Corporate Tax Rate

Corporate income tax rate is 34% at a flat rate. This applies to non-resident corporations. Corporations are subjected to unlimited tax liability and will have to pay the minimum corporate income tax (MCT) regardless if profitable or not. This MCT amounts to €3,500 per annum for joint stock companies or €1,750 for limited liability companies.

Languages in Austria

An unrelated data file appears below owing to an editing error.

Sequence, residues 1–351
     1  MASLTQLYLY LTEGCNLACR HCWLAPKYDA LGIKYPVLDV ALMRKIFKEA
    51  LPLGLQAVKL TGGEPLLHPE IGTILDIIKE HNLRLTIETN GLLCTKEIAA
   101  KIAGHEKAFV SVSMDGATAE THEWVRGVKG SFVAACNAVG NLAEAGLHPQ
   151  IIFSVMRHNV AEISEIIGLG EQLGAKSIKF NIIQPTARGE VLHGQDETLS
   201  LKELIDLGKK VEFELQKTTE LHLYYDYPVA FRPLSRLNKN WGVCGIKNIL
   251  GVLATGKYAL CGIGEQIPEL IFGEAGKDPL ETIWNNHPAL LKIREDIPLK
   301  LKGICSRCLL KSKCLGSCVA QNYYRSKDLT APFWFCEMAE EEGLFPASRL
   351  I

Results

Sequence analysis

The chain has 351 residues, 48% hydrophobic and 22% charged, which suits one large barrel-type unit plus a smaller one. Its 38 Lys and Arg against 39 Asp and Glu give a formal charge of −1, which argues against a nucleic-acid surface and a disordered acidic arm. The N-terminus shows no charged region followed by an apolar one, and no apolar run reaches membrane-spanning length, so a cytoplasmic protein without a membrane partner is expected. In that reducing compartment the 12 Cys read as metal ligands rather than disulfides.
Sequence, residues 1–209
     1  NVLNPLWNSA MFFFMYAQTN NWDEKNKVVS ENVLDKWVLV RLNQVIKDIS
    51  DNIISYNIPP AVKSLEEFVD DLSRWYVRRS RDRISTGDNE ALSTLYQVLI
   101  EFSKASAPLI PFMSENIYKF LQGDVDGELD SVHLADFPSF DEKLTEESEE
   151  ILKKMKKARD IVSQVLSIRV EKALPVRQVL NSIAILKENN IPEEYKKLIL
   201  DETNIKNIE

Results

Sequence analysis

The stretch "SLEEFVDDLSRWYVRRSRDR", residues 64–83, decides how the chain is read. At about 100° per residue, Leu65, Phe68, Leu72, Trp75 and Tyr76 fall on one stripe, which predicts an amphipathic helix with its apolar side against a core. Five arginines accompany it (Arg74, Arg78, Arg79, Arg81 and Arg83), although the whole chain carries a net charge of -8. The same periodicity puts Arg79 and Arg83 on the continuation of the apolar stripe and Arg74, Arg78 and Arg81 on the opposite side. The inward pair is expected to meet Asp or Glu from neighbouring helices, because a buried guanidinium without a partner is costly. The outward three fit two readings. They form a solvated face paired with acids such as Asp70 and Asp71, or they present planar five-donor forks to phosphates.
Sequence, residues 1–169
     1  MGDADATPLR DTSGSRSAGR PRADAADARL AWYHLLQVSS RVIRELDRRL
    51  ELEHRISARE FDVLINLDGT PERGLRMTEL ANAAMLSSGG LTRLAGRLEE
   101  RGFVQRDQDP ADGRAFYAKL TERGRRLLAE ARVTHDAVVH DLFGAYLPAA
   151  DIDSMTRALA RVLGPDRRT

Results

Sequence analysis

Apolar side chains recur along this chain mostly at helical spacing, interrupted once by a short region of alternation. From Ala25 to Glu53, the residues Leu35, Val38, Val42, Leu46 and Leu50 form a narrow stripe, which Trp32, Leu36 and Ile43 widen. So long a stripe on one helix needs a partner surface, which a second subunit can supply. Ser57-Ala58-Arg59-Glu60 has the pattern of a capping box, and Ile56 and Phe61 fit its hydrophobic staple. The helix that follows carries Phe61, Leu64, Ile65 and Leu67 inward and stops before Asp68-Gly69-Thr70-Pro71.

German is the official language spoken by majority of the population as mother tongue. It accounts for (88.6%). Other minority languages include Turkish (2.3%), Serbian (2.2%) and Croatian (official in Burgenland 1.6%), and others include Slovene and Hungarian (5.3%). These figures are based on census of 2001. Foreign languages, mostly English, are generally spoken for conducting businesses.

Obstacles in Language

The European Union has been operating in 23 official languages since new member states joined the legislative body in recent years. In order to work in EU countries, people are advised to learn